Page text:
The world is currently facing upheaval on a range of fronts. Devastating conflicts in Syria, Iraq, and South Sudan, among others, have killed hundreds of thousands of people and forced millions more from their homes, climate change and its destabilizing impacts continue to mount, and public health challenges new and old underscore the need for enhanced global cooperation. Given the complex and transnational nature of these challenges, and the finite resources available to address them, it is clear that the UN must rededicate itself to reforming its operations and management practices so it can be more nimble, responsive, and effective. The U.S. has gained an important ally in this effort in the new Secretary-General, António Guterres, who as UN High Commissioner for Refugees from 2005 to 2015 gained a well-deserved reputation for results-oriented and forward-looking leadership.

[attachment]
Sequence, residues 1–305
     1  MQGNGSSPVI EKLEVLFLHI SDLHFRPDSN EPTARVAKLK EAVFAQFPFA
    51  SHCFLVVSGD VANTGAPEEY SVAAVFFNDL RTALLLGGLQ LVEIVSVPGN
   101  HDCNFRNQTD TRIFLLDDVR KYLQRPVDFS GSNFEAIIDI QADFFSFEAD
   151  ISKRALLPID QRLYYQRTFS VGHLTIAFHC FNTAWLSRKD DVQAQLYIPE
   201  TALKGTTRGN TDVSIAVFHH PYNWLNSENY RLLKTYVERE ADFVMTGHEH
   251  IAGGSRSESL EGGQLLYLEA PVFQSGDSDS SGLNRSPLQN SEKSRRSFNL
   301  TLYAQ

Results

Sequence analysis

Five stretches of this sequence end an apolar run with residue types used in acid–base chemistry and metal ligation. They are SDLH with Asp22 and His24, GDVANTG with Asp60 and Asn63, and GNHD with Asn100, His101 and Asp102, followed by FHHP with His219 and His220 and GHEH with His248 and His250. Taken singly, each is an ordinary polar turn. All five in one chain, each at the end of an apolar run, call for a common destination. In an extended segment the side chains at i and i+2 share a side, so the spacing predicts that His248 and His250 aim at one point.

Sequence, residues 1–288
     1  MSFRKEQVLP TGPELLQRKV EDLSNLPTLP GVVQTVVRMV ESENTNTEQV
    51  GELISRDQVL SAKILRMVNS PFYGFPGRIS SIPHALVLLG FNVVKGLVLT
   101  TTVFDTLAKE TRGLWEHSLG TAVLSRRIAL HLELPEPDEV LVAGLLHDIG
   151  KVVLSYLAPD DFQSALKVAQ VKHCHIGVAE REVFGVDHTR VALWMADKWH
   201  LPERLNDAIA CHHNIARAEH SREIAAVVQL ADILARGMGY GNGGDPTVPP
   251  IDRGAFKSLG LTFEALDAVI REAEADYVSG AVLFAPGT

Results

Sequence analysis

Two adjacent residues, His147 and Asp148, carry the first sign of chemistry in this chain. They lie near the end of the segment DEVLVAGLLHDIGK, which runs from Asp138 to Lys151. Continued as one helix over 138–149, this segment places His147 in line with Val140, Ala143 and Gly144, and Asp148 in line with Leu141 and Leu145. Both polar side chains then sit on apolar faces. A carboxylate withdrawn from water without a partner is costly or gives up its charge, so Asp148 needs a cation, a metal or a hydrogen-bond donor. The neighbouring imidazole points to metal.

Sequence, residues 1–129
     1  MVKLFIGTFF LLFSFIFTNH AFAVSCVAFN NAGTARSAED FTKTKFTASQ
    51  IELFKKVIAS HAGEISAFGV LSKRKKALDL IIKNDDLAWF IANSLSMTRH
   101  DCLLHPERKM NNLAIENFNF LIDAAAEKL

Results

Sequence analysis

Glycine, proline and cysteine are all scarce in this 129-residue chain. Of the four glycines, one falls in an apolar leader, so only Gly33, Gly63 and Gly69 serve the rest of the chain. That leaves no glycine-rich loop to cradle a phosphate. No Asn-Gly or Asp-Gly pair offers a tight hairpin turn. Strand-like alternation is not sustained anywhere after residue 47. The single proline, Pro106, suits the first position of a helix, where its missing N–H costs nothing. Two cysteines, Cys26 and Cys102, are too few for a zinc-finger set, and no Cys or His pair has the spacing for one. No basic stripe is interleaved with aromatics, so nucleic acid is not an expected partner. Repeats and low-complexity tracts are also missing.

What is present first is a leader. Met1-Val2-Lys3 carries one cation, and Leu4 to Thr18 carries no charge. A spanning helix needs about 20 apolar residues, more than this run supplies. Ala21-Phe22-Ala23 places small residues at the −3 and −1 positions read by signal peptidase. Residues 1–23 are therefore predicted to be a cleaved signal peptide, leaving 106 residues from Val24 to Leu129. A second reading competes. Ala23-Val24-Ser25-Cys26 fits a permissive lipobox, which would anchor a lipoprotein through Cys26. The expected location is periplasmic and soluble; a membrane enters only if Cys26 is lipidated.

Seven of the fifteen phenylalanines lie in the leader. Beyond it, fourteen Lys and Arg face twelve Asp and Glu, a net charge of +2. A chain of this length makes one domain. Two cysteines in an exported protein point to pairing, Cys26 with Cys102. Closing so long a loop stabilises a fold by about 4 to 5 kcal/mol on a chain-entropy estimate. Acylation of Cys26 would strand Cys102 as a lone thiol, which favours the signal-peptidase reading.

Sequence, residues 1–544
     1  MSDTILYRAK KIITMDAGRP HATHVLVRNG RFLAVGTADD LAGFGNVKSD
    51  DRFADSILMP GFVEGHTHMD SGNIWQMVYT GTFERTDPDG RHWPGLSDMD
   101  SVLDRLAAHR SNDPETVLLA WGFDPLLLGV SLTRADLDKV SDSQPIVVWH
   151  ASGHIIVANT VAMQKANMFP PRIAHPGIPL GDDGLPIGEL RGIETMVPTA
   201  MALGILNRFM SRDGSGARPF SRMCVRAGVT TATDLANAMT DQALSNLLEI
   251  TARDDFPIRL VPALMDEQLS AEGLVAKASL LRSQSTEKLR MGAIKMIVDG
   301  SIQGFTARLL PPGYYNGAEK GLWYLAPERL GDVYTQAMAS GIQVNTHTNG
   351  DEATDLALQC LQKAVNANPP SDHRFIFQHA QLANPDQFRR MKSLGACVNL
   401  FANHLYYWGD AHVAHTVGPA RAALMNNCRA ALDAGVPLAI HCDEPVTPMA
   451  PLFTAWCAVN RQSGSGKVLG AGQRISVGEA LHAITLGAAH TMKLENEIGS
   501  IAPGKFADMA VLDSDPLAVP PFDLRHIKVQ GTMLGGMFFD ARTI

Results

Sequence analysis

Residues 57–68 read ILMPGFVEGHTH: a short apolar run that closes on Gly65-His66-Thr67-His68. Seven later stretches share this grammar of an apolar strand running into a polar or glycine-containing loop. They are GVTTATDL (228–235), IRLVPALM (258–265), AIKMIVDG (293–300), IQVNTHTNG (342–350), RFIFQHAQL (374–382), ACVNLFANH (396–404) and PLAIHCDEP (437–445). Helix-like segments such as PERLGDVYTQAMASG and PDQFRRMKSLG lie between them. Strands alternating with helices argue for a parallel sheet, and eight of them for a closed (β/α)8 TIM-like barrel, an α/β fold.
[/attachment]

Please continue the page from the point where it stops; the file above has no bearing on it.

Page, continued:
Now is the time to engage robustly and constructively with Mr. Guterres to achieve these ends, and avoid counterproductive actions, such as withholding financial support for the UN, that will only isolate the U.S. from its international partners and stymie efforts to achieve real and sustainable reform. This viewpoint has been articulated by both Republican and Democratic Administrations for decades. Earlier this month, for example, during her confirmation hearing before the Senate Committee on Foreign Relations, Ambassador Nikki Haley stated repeatedly that she opposed the “slash-and-burn” approach to UN funding advocated by some observers. Furthermore, in 2005, when Congress was considering legislation to tie the payment of U.S. dues to reform, a bipartisan group of eight former U.S. Ambassadors to the UN—including Jeane Kirkpatrick, John Danforth, Richard Holbrooke, and Madeleine Albright—authored a letter opposing the proposal. “Withholding our dues to the UN is the wrong methodology,” the letter argued. “When we last built debt with the UN, the United States isolated ourselves from our allies within the UN and made diplomacy a near impossible task.”